On the conventional taxable fixed income funds side of the business, international & global debt funds (+$1.3 billion) attracted the only net new money of the fixed income funds macro-groups, while corporate investment-grade debt funds experienced the largest net redemptions, handing back $10.7 billion for November, bettered by flexible funds (-$8.0 billion), government-Treasury funds (-$4.9 billion), and balanced funds (-$4.7 billion).
From a performance perspective, many of the classifications housed in the taxable fixed income macro-groups that suffered the largest net redemptions, witnessed the strongest returns for November—however much of that occurred in the latter half of the month as interest rates at the long end of the curve declined as inflation pressures eased slightly and recessionary fears increased.
However, the international & global debt funds macro-group witnessed the only draw of net new money on the conventional funds side and we saw that several of the fund classifications (including ETFs) warehoused in this group also posted the strongest plus-side returns for the month, with Emerging Markets Hard Currency Debt Funds (+7.49%) posting the strongest returns in November, followed by Emerging Markets Local Currency Debt Funds (+6.77%), International Income Funds (+5.12%), Corporate Debt A-Rated Funds (+4.78%), Corporate Debt BBB-Rated Funds (+4.58%), and GNMA Funds (+4.42%). Fund classifications at the long end of the curve benefitted from a 42-basis-point decline in the 10-year Treasury yield for the month to 3.68%.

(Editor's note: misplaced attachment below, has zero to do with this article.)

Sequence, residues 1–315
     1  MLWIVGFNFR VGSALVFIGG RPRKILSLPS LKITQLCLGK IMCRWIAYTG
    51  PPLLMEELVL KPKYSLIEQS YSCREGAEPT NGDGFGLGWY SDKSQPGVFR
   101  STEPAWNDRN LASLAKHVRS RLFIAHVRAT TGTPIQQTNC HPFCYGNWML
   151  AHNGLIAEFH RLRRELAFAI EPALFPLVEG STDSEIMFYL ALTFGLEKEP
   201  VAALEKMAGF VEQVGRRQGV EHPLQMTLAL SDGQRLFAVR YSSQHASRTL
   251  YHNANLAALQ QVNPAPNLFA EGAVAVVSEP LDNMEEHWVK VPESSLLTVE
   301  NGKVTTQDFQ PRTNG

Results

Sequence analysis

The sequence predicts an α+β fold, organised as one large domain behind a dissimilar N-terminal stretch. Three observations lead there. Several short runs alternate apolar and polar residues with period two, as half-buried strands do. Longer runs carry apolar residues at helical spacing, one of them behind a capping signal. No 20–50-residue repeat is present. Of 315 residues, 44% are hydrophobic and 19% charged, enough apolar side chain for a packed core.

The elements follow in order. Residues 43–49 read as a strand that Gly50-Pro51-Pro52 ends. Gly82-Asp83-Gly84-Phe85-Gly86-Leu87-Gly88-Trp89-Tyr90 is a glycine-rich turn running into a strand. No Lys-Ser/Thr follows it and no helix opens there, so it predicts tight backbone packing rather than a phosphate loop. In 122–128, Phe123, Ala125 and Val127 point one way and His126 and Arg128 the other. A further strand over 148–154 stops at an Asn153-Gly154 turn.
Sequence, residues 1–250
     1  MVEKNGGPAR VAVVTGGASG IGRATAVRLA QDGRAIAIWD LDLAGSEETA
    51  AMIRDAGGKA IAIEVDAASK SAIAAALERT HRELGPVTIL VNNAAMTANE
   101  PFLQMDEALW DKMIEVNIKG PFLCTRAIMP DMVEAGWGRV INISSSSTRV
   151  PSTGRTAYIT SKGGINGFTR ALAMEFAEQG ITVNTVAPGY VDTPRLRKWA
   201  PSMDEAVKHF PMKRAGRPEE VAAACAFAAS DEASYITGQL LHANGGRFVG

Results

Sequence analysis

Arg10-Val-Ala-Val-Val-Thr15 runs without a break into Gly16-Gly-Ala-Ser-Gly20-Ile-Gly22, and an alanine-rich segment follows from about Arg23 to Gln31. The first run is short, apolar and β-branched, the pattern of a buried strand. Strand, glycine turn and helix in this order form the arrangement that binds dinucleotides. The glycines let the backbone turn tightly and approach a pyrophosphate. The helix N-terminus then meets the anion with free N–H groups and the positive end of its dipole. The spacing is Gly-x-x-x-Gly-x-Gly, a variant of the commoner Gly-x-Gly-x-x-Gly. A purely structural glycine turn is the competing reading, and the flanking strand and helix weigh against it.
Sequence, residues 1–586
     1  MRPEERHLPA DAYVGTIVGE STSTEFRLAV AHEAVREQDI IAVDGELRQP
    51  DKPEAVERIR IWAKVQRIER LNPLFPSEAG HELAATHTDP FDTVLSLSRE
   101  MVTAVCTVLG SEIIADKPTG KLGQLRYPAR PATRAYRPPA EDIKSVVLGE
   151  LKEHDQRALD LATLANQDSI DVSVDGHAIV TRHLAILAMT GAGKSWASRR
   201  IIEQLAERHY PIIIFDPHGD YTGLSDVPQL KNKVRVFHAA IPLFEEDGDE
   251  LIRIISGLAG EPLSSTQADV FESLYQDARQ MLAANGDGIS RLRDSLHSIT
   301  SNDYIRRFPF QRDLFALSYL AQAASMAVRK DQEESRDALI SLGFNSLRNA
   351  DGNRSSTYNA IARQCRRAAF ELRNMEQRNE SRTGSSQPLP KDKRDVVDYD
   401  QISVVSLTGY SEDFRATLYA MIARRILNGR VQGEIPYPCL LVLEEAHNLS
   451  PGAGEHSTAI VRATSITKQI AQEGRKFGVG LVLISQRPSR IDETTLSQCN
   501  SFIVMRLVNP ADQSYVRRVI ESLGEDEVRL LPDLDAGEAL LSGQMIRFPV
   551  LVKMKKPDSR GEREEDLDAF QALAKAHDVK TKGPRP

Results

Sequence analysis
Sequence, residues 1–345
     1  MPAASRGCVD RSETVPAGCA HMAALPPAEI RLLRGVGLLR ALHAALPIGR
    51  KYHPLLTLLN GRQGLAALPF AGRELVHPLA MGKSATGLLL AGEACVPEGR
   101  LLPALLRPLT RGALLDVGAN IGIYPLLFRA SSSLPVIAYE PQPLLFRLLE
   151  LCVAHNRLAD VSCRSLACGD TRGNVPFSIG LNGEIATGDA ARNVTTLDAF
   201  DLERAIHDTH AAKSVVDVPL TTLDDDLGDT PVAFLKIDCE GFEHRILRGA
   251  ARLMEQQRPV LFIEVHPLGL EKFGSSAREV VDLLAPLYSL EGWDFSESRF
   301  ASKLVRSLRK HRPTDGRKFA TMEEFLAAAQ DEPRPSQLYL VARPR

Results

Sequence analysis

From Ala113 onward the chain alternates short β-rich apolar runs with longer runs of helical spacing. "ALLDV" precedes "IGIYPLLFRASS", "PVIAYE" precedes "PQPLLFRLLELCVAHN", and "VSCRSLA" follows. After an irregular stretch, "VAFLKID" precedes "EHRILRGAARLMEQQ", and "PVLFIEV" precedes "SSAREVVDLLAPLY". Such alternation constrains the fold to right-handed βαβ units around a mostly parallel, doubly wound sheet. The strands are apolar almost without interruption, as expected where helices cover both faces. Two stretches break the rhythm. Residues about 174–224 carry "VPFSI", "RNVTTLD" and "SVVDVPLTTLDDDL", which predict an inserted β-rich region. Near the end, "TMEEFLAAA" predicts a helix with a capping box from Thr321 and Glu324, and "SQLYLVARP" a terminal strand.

On the taxable fixed income ETF side of the ledger, corporate investment-grade debt ETFs (+$7.8 billion) attracted the largest net draw of investor assets for the month, followed by corporate high-yield ETFs (+$5.4 billion), government-Treasury ETFs (+$4.2 billion), and government-Treasury & mortgage ETFs (+$1.7 billion). Balanced ETFs (+$33 million) witnessed the smallest net inflows (none of the taxable fixed income ETF macro-groups experienced net outflows).
While generally off many investors’ radars, it’s worth highlighting that the average tax-exempt debt fund (including ETFs) posted a very handsome 3.97% return in November, with the General Municipal Debt Funds macro-classification posting the strongest return (+5.15%), followed closely by the Single State Municipal Debt Funds (+4.67%) macro-classification. Nonetheless, they collectively handed back a net $4.9 billion for the month, with the conventional municipal bond funds macro-group handing back a net $10.5 billion for November, while their ETF counterparts took in $5.6 billion.
Year to date, the municipal bond funds (including ETFs) macro-group has handed back a net $114.9 billion—witnessing the largest net redemption thus far from any full year dating back to 1992, when Lipper began calculating weekly estimated net flows. And yes, the drubbing witnessed by conventional funds above is replicated in this space as well, with conventional municipal bond funds witnessing net outflows to the tune of $140.2 billion, while their ETF counterparts took in a net $25.3 billion year to date.
Editor’s Note: The summary bullets for this article were chosen by Seeking Alpha editors.